At ASI, the subject isn’t new. Recently, though, it returned to our notice as we looked into an entirely reasonable conjecture. In the first years of this century, so-called glass panel avionics quickly took over the new-airplane market with technology that included multifunction displays capable of displaying highly detailed moving maps and even providing terrain warnings. While new production made up only a sliver of the total fleet, the manufacturers and programmers of portable electronics—cellphones, tablet computers, and even standalone aviation GPS units—were quick to emulate the same features, making those potential improvements in situational awareness available to a vastly wider market. Portables likewise emulated and in some cases outpaced panel-mounted avionics in bringing advantages such as back-up instrumentation and even synthetic vision into the cockpit. Available evidence suggests that the flying public enthusiastically adopted them.
It stands to reason, then, that all this additional information would have led to a sharp reduction in controlled flight into terrain (CFIT)—those often-catastrophic accidents in which someone flies a perfectly good aircraft under positive control into a mountainside, radio tower, power line, or bridge. Unfortunately, it hasn’t.
Comparing the 10 years from 1995 through 2004—about the time the most popular portables first came onto the market—with the succeeding decade, the Air Safety Institute found that the overall number of accidents was down, chiefly in proportion to the ongoing decline in flight activity. (The year 2013 was a happy exception to that pattern, as you’ll learn with the release of information on that year in a few weeks.)
However, the number of accidents ending in CFIT didn’t drop nearly as fast, with the result that CFIT actually increased as a percentage of all accidents. This was true in both airplanes and helicopters, and the increases were steeper at night than in the daytime and greatest of all in IMC—exactly the situations where you’d expect improved situational awareness to be most valuable. For example, in the first decade, 4.5 percent of all accidents in visual conditions at night involved CFIT; in the second, that percentage jumped to 6.8. The percentage of fatal accidents in IMC involving CFIT jumped by more than a quarter, from 12.9 to 15.6.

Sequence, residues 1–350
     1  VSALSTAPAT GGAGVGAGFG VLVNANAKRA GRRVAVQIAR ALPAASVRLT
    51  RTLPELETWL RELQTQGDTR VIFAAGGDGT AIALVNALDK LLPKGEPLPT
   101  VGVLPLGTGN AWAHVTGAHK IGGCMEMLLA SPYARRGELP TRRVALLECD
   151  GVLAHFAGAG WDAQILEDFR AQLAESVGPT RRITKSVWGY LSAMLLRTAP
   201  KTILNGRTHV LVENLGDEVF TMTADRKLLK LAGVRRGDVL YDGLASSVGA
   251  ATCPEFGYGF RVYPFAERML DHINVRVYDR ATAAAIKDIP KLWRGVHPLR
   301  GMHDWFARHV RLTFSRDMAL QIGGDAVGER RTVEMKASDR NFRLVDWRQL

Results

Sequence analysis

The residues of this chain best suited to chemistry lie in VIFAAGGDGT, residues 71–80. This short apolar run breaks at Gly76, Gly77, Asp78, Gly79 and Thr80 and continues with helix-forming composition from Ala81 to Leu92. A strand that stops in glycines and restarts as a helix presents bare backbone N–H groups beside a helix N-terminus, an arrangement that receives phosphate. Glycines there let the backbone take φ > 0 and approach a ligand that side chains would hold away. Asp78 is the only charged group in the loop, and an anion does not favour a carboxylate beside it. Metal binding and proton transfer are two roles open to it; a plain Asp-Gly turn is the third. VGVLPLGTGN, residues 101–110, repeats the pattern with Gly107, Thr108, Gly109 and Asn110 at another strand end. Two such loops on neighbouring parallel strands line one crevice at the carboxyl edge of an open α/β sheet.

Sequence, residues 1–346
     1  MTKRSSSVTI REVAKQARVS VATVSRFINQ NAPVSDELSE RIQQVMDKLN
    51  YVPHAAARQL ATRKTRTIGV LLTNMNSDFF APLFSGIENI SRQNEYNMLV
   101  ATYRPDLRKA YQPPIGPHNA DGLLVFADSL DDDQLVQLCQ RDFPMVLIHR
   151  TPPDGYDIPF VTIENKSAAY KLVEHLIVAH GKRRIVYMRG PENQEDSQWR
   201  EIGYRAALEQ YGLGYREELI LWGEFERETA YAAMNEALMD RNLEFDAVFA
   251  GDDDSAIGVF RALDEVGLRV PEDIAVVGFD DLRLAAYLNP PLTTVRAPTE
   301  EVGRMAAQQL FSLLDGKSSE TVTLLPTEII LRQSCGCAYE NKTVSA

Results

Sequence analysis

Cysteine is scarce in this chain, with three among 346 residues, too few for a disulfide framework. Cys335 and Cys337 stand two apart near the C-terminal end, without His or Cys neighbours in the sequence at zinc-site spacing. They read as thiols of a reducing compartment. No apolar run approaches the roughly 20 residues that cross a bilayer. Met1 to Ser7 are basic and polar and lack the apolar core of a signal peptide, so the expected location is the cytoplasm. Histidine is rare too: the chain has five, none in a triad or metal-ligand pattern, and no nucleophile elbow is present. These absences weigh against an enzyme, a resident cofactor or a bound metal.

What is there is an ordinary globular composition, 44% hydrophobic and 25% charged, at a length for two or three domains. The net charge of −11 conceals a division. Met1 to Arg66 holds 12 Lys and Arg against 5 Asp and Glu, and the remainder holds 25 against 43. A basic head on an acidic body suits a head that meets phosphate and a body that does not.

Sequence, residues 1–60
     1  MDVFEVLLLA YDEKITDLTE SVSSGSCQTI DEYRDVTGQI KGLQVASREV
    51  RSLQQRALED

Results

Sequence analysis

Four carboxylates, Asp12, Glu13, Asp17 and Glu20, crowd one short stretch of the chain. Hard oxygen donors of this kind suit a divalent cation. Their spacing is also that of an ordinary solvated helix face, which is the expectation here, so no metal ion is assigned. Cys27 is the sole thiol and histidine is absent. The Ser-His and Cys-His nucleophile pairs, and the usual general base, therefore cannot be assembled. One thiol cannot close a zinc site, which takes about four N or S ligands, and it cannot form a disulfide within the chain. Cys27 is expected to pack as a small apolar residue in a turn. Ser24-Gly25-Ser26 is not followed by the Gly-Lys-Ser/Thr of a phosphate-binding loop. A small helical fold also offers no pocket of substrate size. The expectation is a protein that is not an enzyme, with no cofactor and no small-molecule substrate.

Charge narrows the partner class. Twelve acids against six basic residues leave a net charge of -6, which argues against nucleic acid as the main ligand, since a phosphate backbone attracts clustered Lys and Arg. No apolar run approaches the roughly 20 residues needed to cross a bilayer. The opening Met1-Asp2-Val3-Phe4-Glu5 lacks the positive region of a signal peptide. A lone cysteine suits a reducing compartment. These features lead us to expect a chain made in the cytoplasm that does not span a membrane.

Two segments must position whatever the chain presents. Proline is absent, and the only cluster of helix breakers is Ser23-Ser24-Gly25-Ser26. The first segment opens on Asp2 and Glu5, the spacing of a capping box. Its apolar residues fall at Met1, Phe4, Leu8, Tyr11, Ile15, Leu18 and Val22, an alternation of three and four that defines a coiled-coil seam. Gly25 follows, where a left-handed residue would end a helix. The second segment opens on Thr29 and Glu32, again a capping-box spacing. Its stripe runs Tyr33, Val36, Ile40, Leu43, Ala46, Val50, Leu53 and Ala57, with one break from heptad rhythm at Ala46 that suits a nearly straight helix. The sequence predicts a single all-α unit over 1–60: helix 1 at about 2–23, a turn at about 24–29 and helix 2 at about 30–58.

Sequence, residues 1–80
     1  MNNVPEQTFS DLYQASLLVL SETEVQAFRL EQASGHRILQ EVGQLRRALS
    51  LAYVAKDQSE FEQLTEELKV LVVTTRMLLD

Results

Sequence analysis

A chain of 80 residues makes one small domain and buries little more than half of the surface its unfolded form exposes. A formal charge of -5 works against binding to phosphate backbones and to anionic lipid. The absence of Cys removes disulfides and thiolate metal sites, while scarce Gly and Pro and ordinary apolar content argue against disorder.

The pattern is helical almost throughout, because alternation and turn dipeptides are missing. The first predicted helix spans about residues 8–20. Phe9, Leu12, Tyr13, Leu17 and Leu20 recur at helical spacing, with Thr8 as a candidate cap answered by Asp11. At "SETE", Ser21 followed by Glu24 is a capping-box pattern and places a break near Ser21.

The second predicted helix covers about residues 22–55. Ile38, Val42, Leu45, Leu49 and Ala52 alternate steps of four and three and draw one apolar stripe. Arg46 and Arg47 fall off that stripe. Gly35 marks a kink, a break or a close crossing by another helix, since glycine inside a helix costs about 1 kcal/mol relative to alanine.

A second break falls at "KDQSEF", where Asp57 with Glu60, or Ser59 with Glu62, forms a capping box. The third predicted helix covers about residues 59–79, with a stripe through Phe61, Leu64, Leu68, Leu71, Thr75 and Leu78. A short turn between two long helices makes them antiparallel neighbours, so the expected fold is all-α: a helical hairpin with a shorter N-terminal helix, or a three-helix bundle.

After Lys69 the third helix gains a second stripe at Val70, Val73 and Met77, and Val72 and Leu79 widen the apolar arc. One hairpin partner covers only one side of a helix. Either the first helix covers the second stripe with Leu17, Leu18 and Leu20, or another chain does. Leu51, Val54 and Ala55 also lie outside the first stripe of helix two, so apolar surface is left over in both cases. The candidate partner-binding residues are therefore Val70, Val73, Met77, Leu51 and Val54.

We’ve seen this kind of thing before. The availability of Nexrad downloads didn’t reduce the (already low) numbers of fatal accidents caused by thunderstorm penetration. Instead, any reduction in the number of pilots who blundered into embedded cells seems to have been largely offset by those who erroneously thought they could use those radar images to pick their ways around the edges. (Ongoing public education may be helping in this particular case.) Readers over some particular age—may we suggest 50?—probably need little convincing that before anti-lock brakes became standard equipment on new cars, drivers didn’t tend to follow other cars quite so closely.
What’s at work here is a psychological phenomenon that’s very compelling and almost universal. Because of its power and sweep, those with responsibility for public safety ignore it at their (and our) peril—and unfortunately, that’s what they’ve usually done. Individual tolerances for risk vary enormously, but in familiar situations almost everyone seeks out the point that feels “safe enough.” Once you’re safe enough, why worry about becoming still safer?
The upshot is that technological advantages that could serve to make unlikely but potentially catastrophic events even rarer often serve instead to expand the envelope of things that seem “safe enough” to include circumstances that would once have been considered prohibitive. The effect of new technology isn’t easy to see among pilots who use it to ratchet the accident risk on a flight they would have made anyway from 0.5 percent down to 0.1. Where it shows up in the statistics is among those whose comfort zones it has widened to include conditions they wouldn’t have attempted otherwise. Yes, more flights at the same level of risk would imply that more are completed successfully—but likewise that more end tragically.
David Jack Kenny is manager of safety analysis for the AOPA Air Safety Institute.